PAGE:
And finally, finally, our fortune turned for the better – the museum was open! You can imagine our relief to see the hordes of people moving towards the entrance. And so we got our tickets and immersed ourselves into the world of Greek culture and history.


The National Archaeological Museum of Athens houses some of the most important artifacts from a variety of archaeological locations around Greece from prehistory to late antiquity. It is considered one of the great museums in the world and contains the richest collection of artifacts from Greek antiquity worldwide.

As we walked along the many, many displays of ancient Greek artifacts, I couldn’t help but felt awed by the grandeur of what I was experiencing. Centuries of Greek culture were immortalised through brilliant sculptures, drawings and archaeological find. I took a great many photos here, and here are some of my favorites.


This sculpture depicts a fallen young Greek soldier, whose knees were wounded and was kneeling on the ground. His helmet has fallen to the side, and his arm was stretched to the front yielding a sword to defend himself. The look of anguish was clearly engraved on his marblic face.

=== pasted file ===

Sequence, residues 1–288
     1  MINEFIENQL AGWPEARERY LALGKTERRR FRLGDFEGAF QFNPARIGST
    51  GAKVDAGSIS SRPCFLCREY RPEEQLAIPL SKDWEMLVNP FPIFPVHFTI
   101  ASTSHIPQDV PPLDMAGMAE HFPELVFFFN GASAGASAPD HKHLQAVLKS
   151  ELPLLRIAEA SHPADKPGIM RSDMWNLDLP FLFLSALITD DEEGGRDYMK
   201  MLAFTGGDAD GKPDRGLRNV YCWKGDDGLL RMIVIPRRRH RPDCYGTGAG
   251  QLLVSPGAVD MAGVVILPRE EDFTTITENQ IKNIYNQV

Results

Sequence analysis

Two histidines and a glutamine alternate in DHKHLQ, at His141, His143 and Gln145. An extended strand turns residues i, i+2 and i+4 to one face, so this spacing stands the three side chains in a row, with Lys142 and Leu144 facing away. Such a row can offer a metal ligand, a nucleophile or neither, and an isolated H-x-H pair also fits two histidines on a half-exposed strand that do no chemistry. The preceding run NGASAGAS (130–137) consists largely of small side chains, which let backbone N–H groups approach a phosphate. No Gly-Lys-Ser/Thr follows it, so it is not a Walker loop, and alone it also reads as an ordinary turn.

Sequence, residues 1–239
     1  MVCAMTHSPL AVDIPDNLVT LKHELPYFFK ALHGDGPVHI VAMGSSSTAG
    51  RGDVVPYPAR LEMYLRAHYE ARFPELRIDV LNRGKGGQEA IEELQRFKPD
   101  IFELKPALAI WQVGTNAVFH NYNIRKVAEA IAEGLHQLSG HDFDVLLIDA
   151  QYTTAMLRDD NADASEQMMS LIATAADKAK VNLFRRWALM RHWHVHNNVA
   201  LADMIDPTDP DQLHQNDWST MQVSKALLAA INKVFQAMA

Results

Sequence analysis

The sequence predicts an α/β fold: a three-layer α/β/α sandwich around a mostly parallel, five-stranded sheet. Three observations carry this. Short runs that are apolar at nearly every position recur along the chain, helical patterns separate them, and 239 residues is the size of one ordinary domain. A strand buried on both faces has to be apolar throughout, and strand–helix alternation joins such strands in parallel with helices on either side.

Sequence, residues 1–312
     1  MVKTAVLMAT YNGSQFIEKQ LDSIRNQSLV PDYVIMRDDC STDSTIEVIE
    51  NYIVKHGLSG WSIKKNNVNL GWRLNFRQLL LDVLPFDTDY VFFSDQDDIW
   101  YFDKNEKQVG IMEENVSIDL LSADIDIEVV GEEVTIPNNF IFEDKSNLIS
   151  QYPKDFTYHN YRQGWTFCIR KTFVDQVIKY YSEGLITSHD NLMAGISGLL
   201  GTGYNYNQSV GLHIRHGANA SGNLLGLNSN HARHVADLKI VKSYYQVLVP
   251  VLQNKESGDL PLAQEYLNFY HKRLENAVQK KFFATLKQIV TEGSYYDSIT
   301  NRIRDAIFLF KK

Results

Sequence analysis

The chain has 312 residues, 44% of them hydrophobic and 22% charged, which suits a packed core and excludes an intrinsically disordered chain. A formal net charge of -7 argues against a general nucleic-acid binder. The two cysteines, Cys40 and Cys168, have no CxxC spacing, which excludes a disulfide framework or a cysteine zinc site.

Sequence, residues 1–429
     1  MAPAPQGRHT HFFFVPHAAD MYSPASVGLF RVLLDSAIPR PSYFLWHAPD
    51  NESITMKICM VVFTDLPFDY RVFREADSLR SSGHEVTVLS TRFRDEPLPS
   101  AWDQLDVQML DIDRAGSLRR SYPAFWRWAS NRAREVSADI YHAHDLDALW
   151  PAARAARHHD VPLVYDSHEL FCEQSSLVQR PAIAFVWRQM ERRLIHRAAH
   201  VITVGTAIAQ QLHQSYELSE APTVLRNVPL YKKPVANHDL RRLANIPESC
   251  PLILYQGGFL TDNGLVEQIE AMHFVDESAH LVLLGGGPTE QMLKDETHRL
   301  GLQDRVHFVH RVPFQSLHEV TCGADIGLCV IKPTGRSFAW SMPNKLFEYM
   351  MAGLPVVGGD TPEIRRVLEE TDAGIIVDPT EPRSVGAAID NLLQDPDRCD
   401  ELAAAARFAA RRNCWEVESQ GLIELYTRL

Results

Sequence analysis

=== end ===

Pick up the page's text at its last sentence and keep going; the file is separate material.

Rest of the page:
Ancient Greek head gear (I can’t remember what it was called) for the partisan, plated in gold. It looked like an exotic tiara to me, and I really, really wanted to buy a replica of it to bring home!


A painting of two boxing children, which was excavated from the ancient site of Akrotini of Santorini. Somehow I find this a bit too freaky for my liking. They looked like they are doing a round of muay thai.

Liping and I spent a good two hours here at the museum. I finished first because I was so, so tired from the adventure last night, that I fall asleep in the museum foyer waiting for her! How embarrassing, LOL.